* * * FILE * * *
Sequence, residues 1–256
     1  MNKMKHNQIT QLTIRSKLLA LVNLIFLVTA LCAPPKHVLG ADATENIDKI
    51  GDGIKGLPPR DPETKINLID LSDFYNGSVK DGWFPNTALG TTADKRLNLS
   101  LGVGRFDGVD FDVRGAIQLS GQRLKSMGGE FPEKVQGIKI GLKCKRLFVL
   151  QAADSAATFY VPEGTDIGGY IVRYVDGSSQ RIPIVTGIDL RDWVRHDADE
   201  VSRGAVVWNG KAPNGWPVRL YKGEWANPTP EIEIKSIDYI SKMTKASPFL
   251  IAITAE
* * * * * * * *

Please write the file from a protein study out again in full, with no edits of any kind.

Sequence, residues 1–256
     1  MNKMKHNQIT QLTIRSKLLA LVNLIFLVTA LCAPPKHVLG ADATENIDKI
    51  GDGIKGLPPR DPETKINLID LSDFYNGSVK DGWFPNTALG TTADKRLNLS
   101  LGVGRFDGVD FDVRGAIQLS GQRLKSMGGE FPEKVQGIKI GLKCKRLFVL
   151  QAADSAATFY VPEGTDIGGY IVRYVDGSSQ RIPIVTGIDL RDWVRHDADE
   201  VSRGAVVWNG KAPNGWPVRL YKGEWANPTP EIEIKSIDYI SKMTKASPFL
   251  IAITAE